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Thursday, 17 April 2014 13:33

Catastrophe in more detail

Written by  David Renton
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Most of my readers will have picked up, either from the various legal update services who have already covered this story or from the reports in the press, that the latest Tribunal figures, released yesterday, show that ET claims have fallen sharply, following the introduction of fees in July 2013.

I thought it would be useful to look beneath the headline figures, which have typically been reported as a fall of 63% (individual claims) or 79% (total claims), to show which jurisdictions are hanging together, and which ones aren't.

The following table shows in the left hand column, the decline in the number of cases brought in December 2013 and December 2012; in the middle column, the number of cases brought in that jurisdiction in December 2012 (i.e. their numbers in a typical month, pre-fees); and in the right hand column, the jurisdiction:

-90% 1,606 Redundancy failure to inform & consult

-86% 776 Written statement of terms & conditions

-83% 1,760 Sex Discrimination

-82% 989 Redundancy pay

-80% 1,825 Equal pay

-77% 2,708 Breach of contract

-74% 638 Disability discrimination

-72% 4,425 Unfair dismissal

-71% 100 Written pay statement

-70% 3,108 Unauthorised deduction from wages (formerly wages act)

-67% 68 Written statement of reasons for dismissal

-66% 64 Discrimination on the grounds of sexual orientation

-66% 2,708 Working time directive

-61% 214 Age Discrimination

-60% 381 Race Discrimination

-59% 65 Discrimination on the grounds of religion or belief

-53% 104 Transfer of an undertaking failure to inform & consult

-48% 31 National minimum wage

-41% 108 Suffer a detriment/unfair dismissal pregnancy

-38% 54 Part time workers regulations

The first thing to note is that the fall has been sharpest in the jurisdiction which involve the most claims: if you were a lawyer thinking "I can reinvent myself as a specialist in part-time workers' claims", clearly that won't work they may be holding up better than the average but there are too few of them to make a difference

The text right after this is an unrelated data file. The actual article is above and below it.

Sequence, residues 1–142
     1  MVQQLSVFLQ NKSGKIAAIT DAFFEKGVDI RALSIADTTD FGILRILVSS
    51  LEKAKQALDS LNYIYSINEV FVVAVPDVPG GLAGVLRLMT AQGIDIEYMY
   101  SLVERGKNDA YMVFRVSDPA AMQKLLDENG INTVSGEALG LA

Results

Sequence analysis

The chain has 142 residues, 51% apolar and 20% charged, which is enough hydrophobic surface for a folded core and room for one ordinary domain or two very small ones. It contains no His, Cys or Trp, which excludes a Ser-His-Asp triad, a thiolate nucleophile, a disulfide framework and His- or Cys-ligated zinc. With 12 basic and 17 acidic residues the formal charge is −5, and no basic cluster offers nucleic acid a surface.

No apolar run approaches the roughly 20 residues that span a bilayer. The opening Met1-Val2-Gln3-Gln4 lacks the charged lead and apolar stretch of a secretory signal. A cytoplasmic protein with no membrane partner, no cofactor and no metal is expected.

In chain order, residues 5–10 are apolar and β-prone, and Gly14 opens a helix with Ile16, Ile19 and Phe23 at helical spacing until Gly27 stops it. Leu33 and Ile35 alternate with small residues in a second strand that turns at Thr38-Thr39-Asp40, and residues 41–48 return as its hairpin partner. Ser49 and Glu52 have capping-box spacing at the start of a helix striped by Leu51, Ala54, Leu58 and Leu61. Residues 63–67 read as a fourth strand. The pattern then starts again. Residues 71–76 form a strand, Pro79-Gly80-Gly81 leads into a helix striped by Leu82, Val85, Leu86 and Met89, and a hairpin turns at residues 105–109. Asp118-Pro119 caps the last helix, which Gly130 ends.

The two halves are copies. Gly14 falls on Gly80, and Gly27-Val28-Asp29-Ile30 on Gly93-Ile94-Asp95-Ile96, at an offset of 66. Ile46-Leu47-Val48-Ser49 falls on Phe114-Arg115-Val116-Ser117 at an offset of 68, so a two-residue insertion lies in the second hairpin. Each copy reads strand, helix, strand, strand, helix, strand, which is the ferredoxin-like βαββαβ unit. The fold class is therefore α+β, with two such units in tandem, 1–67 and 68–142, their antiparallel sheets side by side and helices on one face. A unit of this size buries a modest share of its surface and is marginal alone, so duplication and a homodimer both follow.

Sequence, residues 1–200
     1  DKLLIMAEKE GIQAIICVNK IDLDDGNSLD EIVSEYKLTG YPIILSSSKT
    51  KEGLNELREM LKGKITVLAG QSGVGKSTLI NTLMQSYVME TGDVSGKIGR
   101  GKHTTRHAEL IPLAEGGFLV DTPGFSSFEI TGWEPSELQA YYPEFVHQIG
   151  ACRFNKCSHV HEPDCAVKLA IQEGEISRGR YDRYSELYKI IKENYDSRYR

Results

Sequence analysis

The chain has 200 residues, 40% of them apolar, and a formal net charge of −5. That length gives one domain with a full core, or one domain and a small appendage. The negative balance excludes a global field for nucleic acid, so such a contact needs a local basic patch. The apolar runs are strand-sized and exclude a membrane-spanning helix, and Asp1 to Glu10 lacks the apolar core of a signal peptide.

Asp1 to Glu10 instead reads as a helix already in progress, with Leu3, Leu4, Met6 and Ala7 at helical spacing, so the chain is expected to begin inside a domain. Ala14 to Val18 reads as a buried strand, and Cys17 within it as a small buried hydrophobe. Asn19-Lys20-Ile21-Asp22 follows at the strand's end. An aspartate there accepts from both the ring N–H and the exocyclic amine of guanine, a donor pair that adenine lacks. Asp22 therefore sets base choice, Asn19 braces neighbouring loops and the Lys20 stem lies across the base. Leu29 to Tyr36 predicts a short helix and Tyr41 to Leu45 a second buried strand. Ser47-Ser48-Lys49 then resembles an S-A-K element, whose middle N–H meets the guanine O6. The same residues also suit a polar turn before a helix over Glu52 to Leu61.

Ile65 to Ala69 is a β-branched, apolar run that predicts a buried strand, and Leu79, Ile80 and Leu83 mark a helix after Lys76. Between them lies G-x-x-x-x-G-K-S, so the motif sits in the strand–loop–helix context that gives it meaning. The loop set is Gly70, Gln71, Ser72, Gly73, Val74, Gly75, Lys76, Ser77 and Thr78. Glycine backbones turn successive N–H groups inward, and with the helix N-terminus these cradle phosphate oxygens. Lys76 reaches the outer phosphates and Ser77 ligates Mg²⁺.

Next, if you separate out the jurisdictions which indicate group claims (i.e. single cases involving perhaps hundreds or thousands of joined litigants, which take up a tiny proportion of the system's net time but have distorted the Tribunal figures over the past few years) they have declined very sharply in numbers, giving the impression that the working time claims in aviation and the equal pay / sex discrimination claims in local government and housing have in essence become historic all or almost all were issued prior to fees coming in, last July, and they won't appear in future years. This alone will reduce the statistical number of claims dramatically, even if it won't make much difference at all to 99% of Judges, lawyers, Claimants or Respondents.

I had expected wages and similar claims to fall fastest, as fees have been set so high that the Tribunal regime is punitively unattractive (who would spend 390 chasing a debt of less than 500, especially when even if the Claimant succeeds, Claimant's recovery rates are below 50%). This has happened to some extent witness the cluster of redundancy claims and breach of contract near the top of the pile.

I had hoped though that unfair dismissal would decline less sharply maybe by around 60% post-fees: it is the bread and butter of the Tribunal system, and has some the same problem as wages (who would spent 1300 chasing a likely award, if successful, and if compensation is ordered, of a median 4500 or so?) but to a lesser extent.

The real surprise is discrimination. At a decline of "just" 61% and 60%, age race discrimination cases (the only numerically significant groups of claims to be holding up at all) show what one Employment Judge told me recently, "all our one five day cases are still in the diary, it's the one day cases which have vanished".

But look at sex and disability discrimination with their much sharper falls of 84% and 74% these are even worse, and much worse, than even I had feared, and I have been among the greatest pessimists.

If you take two steps back and look at the picture as a whole, what you see is Claimants, in all jurisdictions, with winnable cases (remember: 3/5 of all Tribunal claims succeed), voting with their feet, and concluding that fees have taken the Tribunal decisively out of the reach and that there is no justice for them.

And this is before we get compulsory Acas conciliation in April 2014: which will almost certainly result in a further chunk of 60-70% or so of all cases coming out of the Tribunal system.

If workers were getting anything in return it might not be so bad but they are not this is a significant defeat for everyone at work. And the only hope will be if workers find alternative ways of obtaining justice, by putting pressure, directly, on their employers.

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Last modified on Thursday, 01 May 2014 09:17
David Renton

David Renton

Garden Court Chambers 

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